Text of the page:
Opponents say the problem is a companion bill, House Bill 157, which would allow companies to withhold some chemicals used in the fracking cocktail if they were considered trade secrets.

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(PNJ.com) - A bill that would require oil companies to disclose the chemicals used in a controversial drilling process called fracking has hit a partisan brick wall, its sponsor says.

Rep. Ray Rodrigues, R-Estero, doesn't think House Bill 71 will pass. The chilly reception is due to partisan politics in an election year, Rodrigues claims.

Fracking, formally known as hydraulic fracturing, is controversial because it involves injecting a well with water, chemicals and sand at high pressure to fracture rock and access untapped reserves of oil and gas.

Fracking is not occurring in the state now, but Rodrigues said his research indicates that fracking is a real possibility in Florida's future, particularly Southwest Florida. He wants the state to be prepared. Rodrigues' disclosure bill would put a regulatory process in place so the state Department of Environmental Protection can have a registry of chemicals, "should fracking take place in the state," he said.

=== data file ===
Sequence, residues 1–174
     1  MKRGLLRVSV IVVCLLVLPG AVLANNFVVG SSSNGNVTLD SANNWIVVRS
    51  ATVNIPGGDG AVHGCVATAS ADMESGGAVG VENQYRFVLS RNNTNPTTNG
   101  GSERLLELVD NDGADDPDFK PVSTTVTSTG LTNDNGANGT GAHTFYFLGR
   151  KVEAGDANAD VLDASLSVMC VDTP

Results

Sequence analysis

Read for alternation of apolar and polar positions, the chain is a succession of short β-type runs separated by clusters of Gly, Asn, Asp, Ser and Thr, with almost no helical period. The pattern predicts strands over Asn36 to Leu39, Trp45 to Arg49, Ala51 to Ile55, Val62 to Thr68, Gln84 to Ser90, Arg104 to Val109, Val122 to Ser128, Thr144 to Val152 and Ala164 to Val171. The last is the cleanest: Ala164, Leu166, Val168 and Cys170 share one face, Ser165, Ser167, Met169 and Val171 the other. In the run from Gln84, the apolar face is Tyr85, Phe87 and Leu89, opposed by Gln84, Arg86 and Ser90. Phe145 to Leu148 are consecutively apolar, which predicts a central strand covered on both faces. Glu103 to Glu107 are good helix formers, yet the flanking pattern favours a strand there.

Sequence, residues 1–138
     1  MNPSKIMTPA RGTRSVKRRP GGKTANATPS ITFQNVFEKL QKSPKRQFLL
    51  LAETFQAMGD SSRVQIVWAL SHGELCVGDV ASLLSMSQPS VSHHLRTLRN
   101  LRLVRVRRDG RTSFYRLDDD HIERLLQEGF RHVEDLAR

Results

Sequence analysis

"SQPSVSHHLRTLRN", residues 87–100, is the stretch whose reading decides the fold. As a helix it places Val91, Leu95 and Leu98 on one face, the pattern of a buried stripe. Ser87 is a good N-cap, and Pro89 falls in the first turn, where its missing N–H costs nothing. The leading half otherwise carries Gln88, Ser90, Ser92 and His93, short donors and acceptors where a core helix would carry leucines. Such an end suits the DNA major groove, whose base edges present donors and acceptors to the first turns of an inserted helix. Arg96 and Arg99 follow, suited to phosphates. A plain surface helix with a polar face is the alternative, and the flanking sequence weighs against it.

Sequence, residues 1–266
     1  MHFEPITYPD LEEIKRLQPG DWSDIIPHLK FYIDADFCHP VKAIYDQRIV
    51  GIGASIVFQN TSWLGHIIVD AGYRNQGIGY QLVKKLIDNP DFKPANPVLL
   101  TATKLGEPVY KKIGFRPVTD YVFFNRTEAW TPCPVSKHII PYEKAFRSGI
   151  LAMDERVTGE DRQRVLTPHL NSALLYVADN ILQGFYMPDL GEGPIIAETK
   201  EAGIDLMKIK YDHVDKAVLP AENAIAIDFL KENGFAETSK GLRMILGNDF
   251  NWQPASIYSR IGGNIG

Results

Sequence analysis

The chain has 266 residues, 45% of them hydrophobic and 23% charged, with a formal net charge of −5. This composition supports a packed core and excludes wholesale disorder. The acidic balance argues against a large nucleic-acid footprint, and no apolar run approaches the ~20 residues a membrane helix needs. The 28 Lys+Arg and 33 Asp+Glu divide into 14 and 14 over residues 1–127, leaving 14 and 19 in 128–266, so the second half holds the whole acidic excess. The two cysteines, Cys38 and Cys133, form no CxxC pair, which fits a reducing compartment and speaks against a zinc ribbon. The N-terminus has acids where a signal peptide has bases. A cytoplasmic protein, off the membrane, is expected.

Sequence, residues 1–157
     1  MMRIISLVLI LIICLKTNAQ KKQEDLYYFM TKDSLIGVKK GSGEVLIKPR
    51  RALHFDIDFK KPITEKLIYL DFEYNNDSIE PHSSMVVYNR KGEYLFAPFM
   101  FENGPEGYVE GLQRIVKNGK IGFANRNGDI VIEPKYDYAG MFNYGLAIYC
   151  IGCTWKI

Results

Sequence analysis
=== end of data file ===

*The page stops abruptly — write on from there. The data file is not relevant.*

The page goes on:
When Rodrigues filed the same bill in 2013, it proceeded smoothly through legislative committees and passed the House by a large majority. However, the legislative session ended without the bill reaching the Senate floor.

Opponents say the problem is a companion bill, House Bill 157, which would allow companies to withhold some chemicals used in the fracking cocktail if they were considered trade secrets.

The energy industry says fracking is safe, does not put the water supply at risk, creates jobs, provides billions in revenue and will make the country energy independent.

Critics claim fracking threatens freshwater supplies because companies must drill 2 miles or more beneath the Earth's surface, passing through aquifers that supply fresh water on the way. Some of the fluid is recovered at the surface, stored in tanks or pits, recycled, injected into underground storage wells or taken to waste treatment plants.

The bills are confusing, said Matthew Schwartz, executive director of the South Florida Wildlands Association.

"One bill calls for full disclosure and another one for exemption," he said. "On the face of it, having companies disclose the chemicals utilized is a good thing. Allowing companies to also hold back information is a bad thing."

Rodrigues admits the bill is contentious. But it falls in line with an existing state trade secrets law, as well as federal law, he said. The Uniform Trade Secrets Act has been adopted in some form by at least 45 states. Florida's law was adopted in 1988.

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